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About the author

A picture named daveTiny.jpgDave Winer, 56, is a visiting scholar at NYU's Arthur L. Carter Journalism Institute and editor of the Scripting News weblog. He pioneered the development of weblogs, syndication (RSS), podcasting, outlining, and web content management software; former contributing editor at Wired Magazine, research fellow at Harvard Law School, entrepreneur, and investor in web media companies. A native New Yorker, he received a Master's in Computer Science from the University of Wisconsin, a Bachelor's in Mathematics from Tulane University and currently lives in New York City.

"The protoblogger." - NY Times.

"The father of modern-day content distribution." - PC World.

"Dave was in a hurry. He had big ideas." -- Harvard.

"Dave Winer is one of the most important figures in the evolution of online media." -- Nieman Journalism Lab.

10 inventors of Internet technologies you may not have heard of. -- Royal Pingdom.

One of BusinessWeek's 25 Most Influential People on the Web.

"Helped popularize blogging, podcasting and RSS." - Time.

"The father of blogging and RSS." - BBC.

"RSS was born in 1997 out of the confluence of Dave Winer's 'Really Simple Syndication' technology, used to push out blog updates, and Netscape's 'Rich Site Summary', which allowed users to create custom Netscape home pages with regularly updated data flows." - Tim O'Reilly.

8/2/11: Who I Am.

Contact me

scriptingnews1mail at gmail dot com.




My sites
Recent stories

Recent links

My 40 most-recent links, ranked by number of clicks.

My bike

People are always asking about my bike.

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Here's a picture.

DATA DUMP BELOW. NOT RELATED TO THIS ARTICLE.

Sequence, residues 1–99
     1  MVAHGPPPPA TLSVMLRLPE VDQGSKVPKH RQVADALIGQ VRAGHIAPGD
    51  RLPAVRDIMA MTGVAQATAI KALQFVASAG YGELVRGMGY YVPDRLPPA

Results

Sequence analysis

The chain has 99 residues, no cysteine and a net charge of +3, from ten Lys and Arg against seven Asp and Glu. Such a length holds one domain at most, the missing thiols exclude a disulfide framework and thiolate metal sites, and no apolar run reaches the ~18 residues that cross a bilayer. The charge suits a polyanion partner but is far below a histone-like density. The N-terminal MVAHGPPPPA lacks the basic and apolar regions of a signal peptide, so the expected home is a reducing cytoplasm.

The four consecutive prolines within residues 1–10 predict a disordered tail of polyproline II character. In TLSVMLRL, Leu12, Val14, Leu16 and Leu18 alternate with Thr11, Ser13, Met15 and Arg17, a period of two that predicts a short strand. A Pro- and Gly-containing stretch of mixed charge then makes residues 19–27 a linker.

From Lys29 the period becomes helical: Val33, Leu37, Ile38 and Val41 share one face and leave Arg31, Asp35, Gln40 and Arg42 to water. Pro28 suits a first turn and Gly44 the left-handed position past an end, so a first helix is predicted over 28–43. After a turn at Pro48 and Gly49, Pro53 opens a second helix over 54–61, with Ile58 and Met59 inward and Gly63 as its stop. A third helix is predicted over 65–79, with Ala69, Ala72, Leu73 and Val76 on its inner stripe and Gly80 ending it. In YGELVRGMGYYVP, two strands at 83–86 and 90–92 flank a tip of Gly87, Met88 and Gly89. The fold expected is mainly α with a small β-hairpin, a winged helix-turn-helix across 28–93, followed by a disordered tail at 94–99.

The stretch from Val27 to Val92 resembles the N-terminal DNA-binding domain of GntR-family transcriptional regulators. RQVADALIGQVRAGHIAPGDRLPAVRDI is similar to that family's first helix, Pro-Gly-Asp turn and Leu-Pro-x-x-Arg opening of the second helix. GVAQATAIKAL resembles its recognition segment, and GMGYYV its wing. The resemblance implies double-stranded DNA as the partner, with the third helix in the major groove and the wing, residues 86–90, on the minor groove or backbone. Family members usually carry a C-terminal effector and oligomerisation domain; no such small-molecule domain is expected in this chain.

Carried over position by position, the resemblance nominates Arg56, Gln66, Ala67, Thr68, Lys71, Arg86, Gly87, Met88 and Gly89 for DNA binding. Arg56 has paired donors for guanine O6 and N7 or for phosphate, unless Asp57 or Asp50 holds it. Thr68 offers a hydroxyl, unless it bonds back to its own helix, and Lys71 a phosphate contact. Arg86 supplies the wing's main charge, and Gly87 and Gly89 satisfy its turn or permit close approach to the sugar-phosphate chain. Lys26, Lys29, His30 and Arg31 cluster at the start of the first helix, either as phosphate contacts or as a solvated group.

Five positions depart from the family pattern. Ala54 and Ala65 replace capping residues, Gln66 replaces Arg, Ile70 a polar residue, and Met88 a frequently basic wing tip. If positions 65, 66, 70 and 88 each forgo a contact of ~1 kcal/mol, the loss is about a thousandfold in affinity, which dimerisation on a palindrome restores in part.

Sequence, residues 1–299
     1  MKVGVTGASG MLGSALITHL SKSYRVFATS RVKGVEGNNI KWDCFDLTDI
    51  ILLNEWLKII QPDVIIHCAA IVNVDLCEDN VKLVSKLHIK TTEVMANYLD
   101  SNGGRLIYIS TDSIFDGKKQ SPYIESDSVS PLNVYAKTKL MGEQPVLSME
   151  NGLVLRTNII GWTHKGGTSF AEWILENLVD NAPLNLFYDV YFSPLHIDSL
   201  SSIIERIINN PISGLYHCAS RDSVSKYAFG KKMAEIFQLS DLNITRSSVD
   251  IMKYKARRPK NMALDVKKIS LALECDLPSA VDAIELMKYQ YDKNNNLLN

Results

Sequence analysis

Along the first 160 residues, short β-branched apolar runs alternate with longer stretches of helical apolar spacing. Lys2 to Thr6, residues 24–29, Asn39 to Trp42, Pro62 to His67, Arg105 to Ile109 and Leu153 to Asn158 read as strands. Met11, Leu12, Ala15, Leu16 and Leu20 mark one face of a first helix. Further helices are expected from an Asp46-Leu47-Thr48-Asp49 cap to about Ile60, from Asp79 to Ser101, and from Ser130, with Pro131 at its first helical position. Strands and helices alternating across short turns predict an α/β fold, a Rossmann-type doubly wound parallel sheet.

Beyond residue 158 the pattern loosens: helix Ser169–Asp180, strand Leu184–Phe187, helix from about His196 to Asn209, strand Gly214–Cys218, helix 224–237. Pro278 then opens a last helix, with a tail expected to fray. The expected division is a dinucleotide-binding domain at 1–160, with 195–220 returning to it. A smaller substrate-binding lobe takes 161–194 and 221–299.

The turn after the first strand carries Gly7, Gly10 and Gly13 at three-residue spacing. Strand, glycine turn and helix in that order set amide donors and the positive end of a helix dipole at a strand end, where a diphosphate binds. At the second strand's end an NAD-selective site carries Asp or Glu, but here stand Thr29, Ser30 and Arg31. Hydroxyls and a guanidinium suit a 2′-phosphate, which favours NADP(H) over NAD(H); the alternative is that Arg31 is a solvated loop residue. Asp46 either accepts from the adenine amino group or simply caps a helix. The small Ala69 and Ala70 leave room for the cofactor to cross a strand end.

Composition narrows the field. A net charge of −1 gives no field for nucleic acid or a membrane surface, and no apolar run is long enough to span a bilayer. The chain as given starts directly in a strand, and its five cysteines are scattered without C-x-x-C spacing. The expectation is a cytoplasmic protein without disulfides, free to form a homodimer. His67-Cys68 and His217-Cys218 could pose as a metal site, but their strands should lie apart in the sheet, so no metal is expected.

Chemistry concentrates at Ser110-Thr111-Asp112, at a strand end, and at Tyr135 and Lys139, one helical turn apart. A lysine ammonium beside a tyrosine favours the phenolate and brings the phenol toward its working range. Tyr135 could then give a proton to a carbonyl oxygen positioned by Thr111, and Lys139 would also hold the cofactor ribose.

December 2011

Nov   Jan


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FYI: You're soaking in it. :-)

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Dave Winer's weblog, started in April 1997, bootstrapped the blogging revolution.

Bootstrap toolkit question Permalink.

For one of my BT applications, I need to be able to toggle the black menubar at the top of the page. When you're reading, the menubar is a distraction. 99 percent of the people who come there will not need it, understand it, care about it, etc. So, rather than have the whole menu present, I want to shrink it to a 16-by-16 icon (or less). Click the icon to make the menu visible. Click it again to hide it.

Here's a screen shot to illustrate.

I thought this would be simple, given my experience with the outline node type, but I've hit a problem. The image doesn't show up. It appears to be "behind" the black menu bar. I poked around and thought that it was the result of it having a z-index of 5. So I gave my image a z-index of 6. Still doesn't show. Gave it a z-index of 60. Still no show.

This is the advantage of using a common toolkit, I hope. It doesn't matter what the graphic is, as long as I can get it to display. Any ideas?

Improving tech criticism Permalink.

Nieman Journalism Lab at Harvard has asked me to contribute a piece for their end-of-year roundup. I did one last year. I guess we were thinking about paywalls then. It's not such a hot topic now.

A picture named jobs.jpgAt the end of this year I'm thinking about the need for proper criticism of software, alongside other arts like theater, movies, music, books, travel, food and architecture. It's finally time to stop being all gee whiz about this stuff. Tech is woven into the fabric of our culture, as much as or more so than the other arts. And it's headed toward being even more interwoven.

We all need this, on all sides of the art. As users and creators. There's very little understanding of how we work. That's illustrated perfectly by the Isaacson bio of Steve Jobs. We now see what a disaster this is going to be, from the future-historian point of view.